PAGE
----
But if you really think about it, proprioceptive sensations are pretty weird. They’re like the black shadows lurking that you can’t see. Unlike exoreceptors such as the eyes and ears, proprioceptors are not associated with specific, recognizable sensations, but somehow even with our eyes shut we can still sense with some accuracy where our limbs are positioned and if they are moving or stationary.
Simply put, when you move, the receptors in your limbs and trunk send detailed messages to your brain about where your body is positioned and what actions it’s taking. Your brain processes these messages and works with your eyes, nervous system, and vestibular system to generate your perception of where your body is and how it's moving.
Now that you know what proprioception is, you’re probably thinking that proprioception isn’t something we have to work at, it’s just something we inherently possess. While that’s partially true, you still need to train it to maintain it.
Proprioception tends to decline with age, injury, and disease, which means completing everyday tasks that were once easy become more challenging, but it also increases the risk of slips, falls, and subsequent injuries. That’s where proprioceptive training comes into the picture.
Just as you train your muscles for better strength, stamina, and size, you can train the proprioceptors in your body through specific exercises! So, naturally, proprioceptive training is an intervention that targets the improvement of proprioceptive function. It focuses on using somatosensory signals (proprioceptive or tactile afferents) and removes the ability of other senses to provide information (i.e. the eyes) .Ultimately, the goal of proprioceptive training is to improve or restore sensorimotor function.
The other piece of the puzzle has to do with the shoes that we wear. Narrow toe boxes, cushioned soles, and arch support all mean that our feet aren’t coming into contact with the ground. The soles of the feet contain an extensive network of touch receptors and nerve endings, and when they are stimulated, they send nerve impulses to the brain about their environment.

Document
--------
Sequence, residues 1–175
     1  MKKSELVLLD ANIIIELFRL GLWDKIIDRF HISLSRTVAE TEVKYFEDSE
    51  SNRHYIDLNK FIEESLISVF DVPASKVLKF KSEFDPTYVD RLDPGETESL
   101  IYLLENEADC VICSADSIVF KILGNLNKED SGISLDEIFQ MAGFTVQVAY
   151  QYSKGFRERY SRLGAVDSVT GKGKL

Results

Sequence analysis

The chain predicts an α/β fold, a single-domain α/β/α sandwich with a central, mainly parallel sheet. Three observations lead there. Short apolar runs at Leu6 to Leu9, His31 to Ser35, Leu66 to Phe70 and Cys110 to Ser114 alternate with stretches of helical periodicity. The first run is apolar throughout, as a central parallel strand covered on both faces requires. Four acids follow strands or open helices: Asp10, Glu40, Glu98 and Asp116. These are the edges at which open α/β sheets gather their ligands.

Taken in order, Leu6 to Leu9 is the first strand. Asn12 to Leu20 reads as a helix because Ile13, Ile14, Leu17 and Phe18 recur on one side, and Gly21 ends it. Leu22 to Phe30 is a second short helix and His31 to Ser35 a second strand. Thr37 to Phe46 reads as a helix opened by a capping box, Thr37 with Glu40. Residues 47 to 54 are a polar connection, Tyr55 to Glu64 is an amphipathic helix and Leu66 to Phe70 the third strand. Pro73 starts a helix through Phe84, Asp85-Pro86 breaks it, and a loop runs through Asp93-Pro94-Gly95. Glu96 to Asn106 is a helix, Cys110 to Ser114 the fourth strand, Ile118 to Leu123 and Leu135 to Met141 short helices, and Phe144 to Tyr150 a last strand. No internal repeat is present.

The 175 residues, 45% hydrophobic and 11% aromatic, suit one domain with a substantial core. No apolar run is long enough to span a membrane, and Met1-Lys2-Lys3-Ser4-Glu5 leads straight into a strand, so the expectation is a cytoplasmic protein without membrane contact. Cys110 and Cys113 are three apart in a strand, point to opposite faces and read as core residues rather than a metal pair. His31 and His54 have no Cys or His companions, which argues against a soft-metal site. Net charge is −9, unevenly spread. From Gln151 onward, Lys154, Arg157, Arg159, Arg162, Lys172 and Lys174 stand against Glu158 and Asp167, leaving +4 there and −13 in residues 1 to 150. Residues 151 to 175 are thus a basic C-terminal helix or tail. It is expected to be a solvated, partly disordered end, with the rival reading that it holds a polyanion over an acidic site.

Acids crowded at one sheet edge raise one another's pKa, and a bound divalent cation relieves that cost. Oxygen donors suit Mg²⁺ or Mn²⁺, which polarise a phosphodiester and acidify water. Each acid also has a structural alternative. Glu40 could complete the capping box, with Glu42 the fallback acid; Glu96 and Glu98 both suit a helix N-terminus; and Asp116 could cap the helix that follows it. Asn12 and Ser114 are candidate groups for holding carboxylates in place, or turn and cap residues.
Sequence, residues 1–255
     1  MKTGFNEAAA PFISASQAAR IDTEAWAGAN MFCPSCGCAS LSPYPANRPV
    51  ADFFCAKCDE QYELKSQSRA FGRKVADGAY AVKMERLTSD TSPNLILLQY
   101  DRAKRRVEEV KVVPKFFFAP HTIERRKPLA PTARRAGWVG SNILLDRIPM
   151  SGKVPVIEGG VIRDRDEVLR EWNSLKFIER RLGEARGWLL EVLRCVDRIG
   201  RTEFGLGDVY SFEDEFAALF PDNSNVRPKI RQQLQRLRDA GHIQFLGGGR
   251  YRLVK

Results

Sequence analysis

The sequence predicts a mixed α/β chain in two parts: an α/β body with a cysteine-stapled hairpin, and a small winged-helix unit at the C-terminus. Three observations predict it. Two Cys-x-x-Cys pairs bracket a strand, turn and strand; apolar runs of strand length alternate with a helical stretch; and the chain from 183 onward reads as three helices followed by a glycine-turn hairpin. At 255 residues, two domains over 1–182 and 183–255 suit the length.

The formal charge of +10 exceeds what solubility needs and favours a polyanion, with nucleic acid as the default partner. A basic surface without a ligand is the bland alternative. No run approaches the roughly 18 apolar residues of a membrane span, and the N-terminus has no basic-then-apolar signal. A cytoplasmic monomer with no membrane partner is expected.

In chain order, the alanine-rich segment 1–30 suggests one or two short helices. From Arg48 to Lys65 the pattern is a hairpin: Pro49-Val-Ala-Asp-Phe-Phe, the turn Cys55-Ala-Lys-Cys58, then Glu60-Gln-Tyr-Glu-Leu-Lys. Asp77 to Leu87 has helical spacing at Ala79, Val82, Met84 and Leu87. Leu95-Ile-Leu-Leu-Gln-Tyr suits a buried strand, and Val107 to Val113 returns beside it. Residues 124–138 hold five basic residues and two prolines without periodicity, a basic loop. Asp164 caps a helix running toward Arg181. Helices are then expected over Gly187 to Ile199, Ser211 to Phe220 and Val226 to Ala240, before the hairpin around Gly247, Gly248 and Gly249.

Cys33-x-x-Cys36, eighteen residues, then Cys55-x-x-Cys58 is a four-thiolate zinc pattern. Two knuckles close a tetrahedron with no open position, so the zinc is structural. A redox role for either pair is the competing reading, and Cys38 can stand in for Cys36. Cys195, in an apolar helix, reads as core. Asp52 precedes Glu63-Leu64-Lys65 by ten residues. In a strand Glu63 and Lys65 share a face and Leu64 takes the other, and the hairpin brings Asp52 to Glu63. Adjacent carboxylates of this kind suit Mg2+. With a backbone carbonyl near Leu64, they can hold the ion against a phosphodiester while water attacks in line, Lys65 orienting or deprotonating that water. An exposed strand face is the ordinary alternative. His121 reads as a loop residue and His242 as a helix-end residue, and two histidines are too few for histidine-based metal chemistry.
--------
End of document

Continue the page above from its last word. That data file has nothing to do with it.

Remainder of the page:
And when you stop to think about it, because feet spend most of their days in cushioned shoes and on flat surfaces at home, they rarely ever get exposed to uneven surfaces and environments that help to enhance proprioception, hence why people think walking on rocks and gravel is incredibly painful. More time in cushioned shoes and minimal time on natural surfaces means less sensory information is transmitted to the brain, which can limit movement and balance.
Here’s something interesting for you.
In Hong Kong, The Leisure and Cultural Services Department added 56 pebble/cobblestone trails in parks and playgrounds over the past several years. In total, they manage 172 trails that promote activation of pressure points in the foot to improve overall health. These kinds of trails are also found in Germany, Korea, and China.
What’s more, a study by Oregon Research Institute (ORI) in Eugene confirmed that walking on a cobblestone mat surface resulted in significant reductions in blood pressure and improvements in balance and physical performance. So, it’s notjust your balance and movement that walking on nitty-gritty, uneven surfaces can benefit.